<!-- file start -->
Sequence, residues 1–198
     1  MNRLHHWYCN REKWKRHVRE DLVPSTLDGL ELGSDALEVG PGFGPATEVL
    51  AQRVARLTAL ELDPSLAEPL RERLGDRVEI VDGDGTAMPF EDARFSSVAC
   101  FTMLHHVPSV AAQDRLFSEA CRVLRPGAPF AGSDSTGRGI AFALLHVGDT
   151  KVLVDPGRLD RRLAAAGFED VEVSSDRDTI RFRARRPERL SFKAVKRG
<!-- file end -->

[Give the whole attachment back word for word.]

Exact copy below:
Sequence, residues 1–198
     1  MNRLHHWYCN REKWKRHVRE DLVPSTLDGL ELGSDALEVG PGFGPATEVL
    51  AQRVARLTAL ELDPSLAEPL RERLGDRVEI VDGDGTAMPF EDARFSSVAC
   101  FTMLHHVPSV AAQDRLFSEA CRVLRPGAPF AGSDSTGRGI AFALLHVGDT
   151  KVLVDPGRLD RRLAAAGFED VEVSSDRDTI RFRARRPERL SFKAVKRG